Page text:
‘But I’m PROUD to be called Mrs’: Fans’ fury as Wimbledon scraps ‘Miss’ and ‘Mrs’ in front of female winners on its honours boards – as it emerges the Government’s own website doesn’t offer a title option
- Wimbledon to scrap ‘Ms’ and Mrs’ titles for past winners on its honours boards
- Online commenters reacted with fury at the move fearing erosion of tradition
- Others said they were proud of their gendered titles and wouldn’t want it ignored
Women have reacted with fury after Wimbledon announced it would remove ‘Miss and Mrs’ titles from the list of female winners on its historic honours board.
The All England Lawn Tennis Club’s winners boards – with the most prominent being in the clubhouse – have had the honorifics in front of victorious women since 1884.
Yesterday, the historic tennis tournament confirmed it would scrap gendered titles when recognising winners of the ladies’ championship in order to ‘move with the times’.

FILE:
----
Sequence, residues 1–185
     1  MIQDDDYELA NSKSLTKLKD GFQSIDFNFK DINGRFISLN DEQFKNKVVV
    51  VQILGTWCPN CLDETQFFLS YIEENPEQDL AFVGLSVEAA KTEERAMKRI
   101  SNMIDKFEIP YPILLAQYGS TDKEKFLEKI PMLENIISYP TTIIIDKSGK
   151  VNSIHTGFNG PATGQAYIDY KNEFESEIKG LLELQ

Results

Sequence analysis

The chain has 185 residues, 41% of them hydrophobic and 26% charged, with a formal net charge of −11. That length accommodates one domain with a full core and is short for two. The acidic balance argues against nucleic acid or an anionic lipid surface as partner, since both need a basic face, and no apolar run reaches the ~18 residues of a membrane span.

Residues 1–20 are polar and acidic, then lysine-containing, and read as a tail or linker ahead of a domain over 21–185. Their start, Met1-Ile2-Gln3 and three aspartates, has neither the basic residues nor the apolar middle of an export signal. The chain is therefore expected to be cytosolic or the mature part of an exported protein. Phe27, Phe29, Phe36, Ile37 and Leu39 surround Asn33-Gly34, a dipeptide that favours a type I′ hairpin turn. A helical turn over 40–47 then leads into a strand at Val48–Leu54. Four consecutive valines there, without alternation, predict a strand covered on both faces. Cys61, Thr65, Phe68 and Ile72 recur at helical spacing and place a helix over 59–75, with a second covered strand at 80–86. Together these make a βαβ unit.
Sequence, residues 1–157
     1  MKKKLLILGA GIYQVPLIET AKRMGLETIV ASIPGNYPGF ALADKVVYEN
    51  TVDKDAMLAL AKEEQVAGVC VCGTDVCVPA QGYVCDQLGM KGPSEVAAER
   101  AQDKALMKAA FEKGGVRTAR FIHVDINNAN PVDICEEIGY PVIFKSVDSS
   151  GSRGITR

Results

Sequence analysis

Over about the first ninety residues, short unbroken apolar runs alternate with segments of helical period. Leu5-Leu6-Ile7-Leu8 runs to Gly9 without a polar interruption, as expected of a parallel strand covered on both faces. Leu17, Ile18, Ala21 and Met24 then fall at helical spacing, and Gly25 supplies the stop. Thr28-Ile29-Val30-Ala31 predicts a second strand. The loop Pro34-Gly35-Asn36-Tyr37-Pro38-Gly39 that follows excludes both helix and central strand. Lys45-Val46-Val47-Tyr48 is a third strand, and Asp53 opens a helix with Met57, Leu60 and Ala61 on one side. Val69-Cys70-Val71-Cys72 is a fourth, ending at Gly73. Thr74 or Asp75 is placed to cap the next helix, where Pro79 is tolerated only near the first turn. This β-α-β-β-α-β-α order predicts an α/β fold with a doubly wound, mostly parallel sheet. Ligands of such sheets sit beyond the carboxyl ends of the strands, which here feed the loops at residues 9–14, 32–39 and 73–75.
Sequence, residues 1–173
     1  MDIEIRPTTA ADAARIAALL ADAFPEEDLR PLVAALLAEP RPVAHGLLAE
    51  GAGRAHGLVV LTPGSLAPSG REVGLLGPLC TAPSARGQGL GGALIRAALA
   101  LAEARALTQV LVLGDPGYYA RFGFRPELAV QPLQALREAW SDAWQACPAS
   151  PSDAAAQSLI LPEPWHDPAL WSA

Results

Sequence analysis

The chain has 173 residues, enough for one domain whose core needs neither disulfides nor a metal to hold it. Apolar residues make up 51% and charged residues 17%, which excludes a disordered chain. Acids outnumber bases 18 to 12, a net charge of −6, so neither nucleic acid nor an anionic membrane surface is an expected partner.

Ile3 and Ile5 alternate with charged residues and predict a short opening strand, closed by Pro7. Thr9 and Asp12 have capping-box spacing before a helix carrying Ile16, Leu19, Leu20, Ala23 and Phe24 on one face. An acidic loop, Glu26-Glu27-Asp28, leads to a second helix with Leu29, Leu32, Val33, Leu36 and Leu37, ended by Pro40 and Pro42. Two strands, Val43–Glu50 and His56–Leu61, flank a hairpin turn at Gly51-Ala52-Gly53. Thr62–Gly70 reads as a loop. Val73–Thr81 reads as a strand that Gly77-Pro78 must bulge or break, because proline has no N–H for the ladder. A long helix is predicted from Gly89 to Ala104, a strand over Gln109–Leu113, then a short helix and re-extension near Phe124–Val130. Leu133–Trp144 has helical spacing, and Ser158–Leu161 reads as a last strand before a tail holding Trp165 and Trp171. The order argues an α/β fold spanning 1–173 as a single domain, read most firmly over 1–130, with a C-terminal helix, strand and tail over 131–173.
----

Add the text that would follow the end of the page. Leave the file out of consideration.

But dozens of women reacted with shock online, pointing to the fact they were proud of their title and would be disappointed to have it ignored.
Others challenged the erosion of a long-standing tradition that dates back to the 19th century.
The debate intensified as it was revealed there was no option to choose a title when setting up new accounts with Google, the BBC or when editing a profile on the official Gov.uk website.
Wimbledon has decided to remove the titles ‘Miss and ‘Mrs’ in front of past female winners on the famous honours boards [File image]
Dozens of women reacted with shock online, pointing to the fact they were proud of their title and would be disappointed to have it ignored
From the inaugural women’s Wimbledon tournament in 1884, the female winner has had her title-first-name initial-surname on the board, with last year’s winner Ashleigh Barty reading ‘Miss A Barty.’
Yet the men’s winner, Novak Djokovic, was just N Djokovic and having dropped using ‘Miss’ and ‘Mrs’ when umpires announced the names of female players during matches in 2019, the AELTC have modernised further by updating the honours boards so the women’s names also now go by first-name initial, then surname.
The report in The Times states that Wimbledon insiders have agreed to the honours board change ‘to move with the times and the use of titles had become an anachronism in an age of increasing equality.’